Off the Record (OTR)

OTR Exclusive: Former Buccaneer and Giant Michael Clayton

OTR recently got a chance to chat with former Tampa Bay Buccaneers and New York Giants WR Michael Clayton. Oh, I should throw Super Bowl champion in there too because he earned a nice ring last year with the G-Men. Here’s the first part of our interview. (You can check out his answers to our Quick Questions here.)

Micah: You were with the Giants the last couple of years, are you still looking to come back to the NFL? Looking to move on in life?

Michael: Not quite yet. I had three surgeries after the season so I’m just getting back to 100%. For a team to give me an opportunity, of course I’d love to come back. I always had the dream of playing 10 years and if I could get that in that’d be great. But, as of now since that is not an option, I’m looking to make the transition.

Micah: Well, how are you feeling?

Michael: I feel great. I feel like I’m in the best shape I’ve ever been in. 30-years old and I’m as strong as I’ve ever been. It’s a good feeling, I have my health now, either way it goes. My body feels great. I’ve put myself in a good position with training and having a lot of time to work on the things that I’ve needed to do. Things that over the years I haven’t had time to do with the NFL schedule. I’ve had that and I feel great.

Micah: Your rookie year was a great one, was that the best rookie year in Bucs history?

Michael: Yes, I broke a lot of records. Lawrence Dawsey was a rookie receiver who held some records. Mike Alstott had some rookie records. But, yeah, I did have some records and no one has surpassed them yet.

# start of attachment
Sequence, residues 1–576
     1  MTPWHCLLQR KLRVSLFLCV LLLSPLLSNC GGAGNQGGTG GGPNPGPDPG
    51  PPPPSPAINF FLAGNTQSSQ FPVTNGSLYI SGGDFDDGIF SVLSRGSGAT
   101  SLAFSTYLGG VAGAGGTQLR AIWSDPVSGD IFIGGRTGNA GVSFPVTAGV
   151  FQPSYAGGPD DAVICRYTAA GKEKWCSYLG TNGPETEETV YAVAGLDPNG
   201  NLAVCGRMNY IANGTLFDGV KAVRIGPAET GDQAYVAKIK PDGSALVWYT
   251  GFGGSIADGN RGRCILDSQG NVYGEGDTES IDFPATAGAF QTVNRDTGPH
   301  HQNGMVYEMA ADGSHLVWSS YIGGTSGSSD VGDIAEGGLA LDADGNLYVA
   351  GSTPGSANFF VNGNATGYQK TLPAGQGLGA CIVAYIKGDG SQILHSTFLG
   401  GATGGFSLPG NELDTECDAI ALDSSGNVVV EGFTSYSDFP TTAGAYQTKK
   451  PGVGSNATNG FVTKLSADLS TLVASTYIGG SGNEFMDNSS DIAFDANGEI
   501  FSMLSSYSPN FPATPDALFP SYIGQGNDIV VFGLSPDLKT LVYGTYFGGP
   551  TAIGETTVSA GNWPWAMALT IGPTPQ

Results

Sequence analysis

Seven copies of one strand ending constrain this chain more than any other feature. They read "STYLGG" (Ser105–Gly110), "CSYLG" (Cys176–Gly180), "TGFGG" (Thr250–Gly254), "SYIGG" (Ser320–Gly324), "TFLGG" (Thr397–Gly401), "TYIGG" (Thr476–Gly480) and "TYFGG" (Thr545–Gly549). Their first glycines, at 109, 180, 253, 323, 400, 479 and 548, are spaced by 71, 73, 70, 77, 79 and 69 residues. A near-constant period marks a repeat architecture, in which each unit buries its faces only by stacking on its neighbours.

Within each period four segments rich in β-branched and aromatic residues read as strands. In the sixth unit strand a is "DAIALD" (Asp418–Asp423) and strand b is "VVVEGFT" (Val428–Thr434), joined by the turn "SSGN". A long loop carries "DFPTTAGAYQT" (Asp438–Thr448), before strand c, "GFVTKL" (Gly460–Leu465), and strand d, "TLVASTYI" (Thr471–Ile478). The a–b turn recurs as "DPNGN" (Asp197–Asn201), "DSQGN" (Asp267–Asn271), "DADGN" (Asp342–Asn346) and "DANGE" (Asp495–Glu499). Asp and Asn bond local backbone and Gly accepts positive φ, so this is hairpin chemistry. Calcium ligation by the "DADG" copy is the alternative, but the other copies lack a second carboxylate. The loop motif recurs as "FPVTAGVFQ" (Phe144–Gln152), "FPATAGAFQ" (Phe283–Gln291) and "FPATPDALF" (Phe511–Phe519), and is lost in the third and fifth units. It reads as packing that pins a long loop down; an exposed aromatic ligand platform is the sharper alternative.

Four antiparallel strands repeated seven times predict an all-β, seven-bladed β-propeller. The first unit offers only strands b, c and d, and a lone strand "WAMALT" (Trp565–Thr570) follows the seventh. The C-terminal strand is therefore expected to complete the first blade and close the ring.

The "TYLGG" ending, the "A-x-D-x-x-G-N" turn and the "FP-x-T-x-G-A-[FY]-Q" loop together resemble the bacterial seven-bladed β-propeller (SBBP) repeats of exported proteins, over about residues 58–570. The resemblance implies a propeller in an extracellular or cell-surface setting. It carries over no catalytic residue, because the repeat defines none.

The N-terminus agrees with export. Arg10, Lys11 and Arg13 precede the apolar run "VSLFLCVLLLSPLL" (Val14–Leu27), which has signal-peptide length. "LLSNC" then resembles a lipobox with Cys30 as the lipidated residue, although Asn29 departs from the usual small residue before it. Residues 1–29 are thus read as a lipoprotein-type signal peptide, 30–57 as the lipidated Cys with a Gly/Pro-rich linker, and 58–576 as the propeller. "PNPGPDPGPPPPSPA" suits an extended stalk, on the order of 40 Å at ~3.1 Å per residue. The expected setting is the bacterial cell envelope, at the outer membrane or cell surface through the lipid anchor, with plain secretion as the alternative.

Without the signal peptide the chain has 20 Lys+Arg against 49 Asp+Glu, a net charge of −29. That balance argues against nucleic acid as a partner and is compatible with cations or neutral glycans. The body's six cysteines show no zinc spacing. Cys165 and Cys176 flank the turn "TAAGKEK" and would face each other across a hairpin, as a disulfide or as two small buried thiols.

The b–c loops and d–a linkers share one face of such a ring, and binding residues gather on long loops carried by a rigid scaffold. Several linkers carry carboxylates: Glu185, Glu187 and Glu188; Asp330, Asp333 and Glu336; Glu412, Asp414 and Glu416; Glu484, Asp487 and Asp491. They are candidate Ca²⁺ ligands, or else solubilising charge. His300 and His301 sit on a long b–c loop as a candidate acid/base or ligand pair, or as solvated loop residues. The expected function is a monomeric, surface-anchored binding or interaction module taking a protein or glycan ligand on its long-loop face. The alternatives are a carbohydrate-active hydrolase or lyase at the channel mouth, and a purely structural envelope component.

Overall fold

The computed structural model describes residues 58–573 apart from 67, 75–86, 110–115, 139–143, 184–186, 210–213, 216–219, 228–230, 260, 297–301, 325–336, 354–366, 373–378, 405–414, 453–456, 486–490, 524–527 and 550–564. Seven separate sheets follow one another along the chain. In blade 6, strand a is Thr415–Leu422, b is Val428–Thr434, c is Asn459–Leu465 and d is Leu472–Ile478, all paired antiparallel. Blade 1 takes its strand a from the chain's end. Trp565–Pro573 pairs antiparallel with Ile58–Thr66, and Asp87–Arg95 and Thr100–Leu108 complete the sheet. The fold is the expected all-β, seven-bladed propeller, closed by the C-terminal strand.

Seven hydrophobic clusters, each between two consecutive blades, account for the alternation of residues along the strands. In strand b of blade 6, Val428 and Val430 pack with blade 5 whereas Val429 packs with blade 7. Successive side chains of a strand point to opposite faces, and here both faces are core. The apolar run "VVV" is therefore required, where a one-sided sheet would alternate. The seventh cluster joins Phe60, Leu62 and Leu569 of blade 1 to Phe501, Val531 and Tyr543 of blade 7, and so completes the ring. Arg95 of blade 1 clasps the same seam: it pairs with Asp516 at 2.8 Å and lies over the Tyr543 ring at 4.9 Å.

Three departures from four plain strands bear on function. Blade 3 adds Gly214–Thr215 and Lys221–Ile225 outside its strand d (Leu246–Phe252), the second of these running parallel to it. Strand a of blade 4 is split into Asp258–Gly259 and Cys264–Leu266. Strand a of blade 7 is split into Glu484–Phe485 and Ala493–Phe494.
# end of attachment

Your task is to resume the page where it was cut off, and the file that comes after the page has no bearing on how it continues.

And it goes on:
Micah: After that, it’s tough to keep those numbers up, but they did go down a bit from there, what do you think was the reason for that?

Michael: I think it was a lot of things that happened. My rookie year went the way it went because Joey Galloway got hurt the first week of the season against the Washington Redskins. I didn’t start until Game 4. We were losing some games and we needed something to ignite our fans. I was the first-round draft pick and going home to New Orleans and I got my first start and we got our first win. So it was something good to talk about even in the midst of us losing games. I think coach Gruden’s plan was getting me the ball.

My second year – and it went very well for me, just not too much for our team – Joey Galloway came back. And I think we got Ike Hilliard my second year, came on as a third-down receiver. You know, I was catching slants and short stuff all year. Not many huge plays but I just caught a lot of passes and kept the chains moving. Then Joey Galloway comes back and now he’s the No. 1 target and that pushes me to the No. 2 spot. And being in that spot, there weren’t a lot of balls to go around. Mike Pittman caught a lot of balls out of the backfield. Joey Galloway was the No. 1 target and throwing him the slant routes and the balls that I used to catch. And that kind of x-ed me out of an offense that was looking for an identity. That’s what happened there.

After that, people said I fell into coach Gruden’s dog house. You know, I’ve never had any issues or problems. I’ve always played hard and had a great relationship with my coaches and been respectful. But, you go through that ordeal and I didn’t know what that was all about. And then it was just the NFL was looking for somebody to blame. I got a lot of praise behind closed doors, but I got a lot of blame in the media. But, overall we just weren’t that good, weren’t winning many games. Had a lot of injuries. Had a lot of different quarterbacks I played with. I played with almost nine quarterback’s in my six-year tenure with the Bucs. There was a different quarterback…sometimes I had two or three quarterbacks in a year. As a receiver, that’s never a situation that’s going to give you those big numbers that you want. A lot of great receivers have suffered personal goals because of that. So that’s really what happened.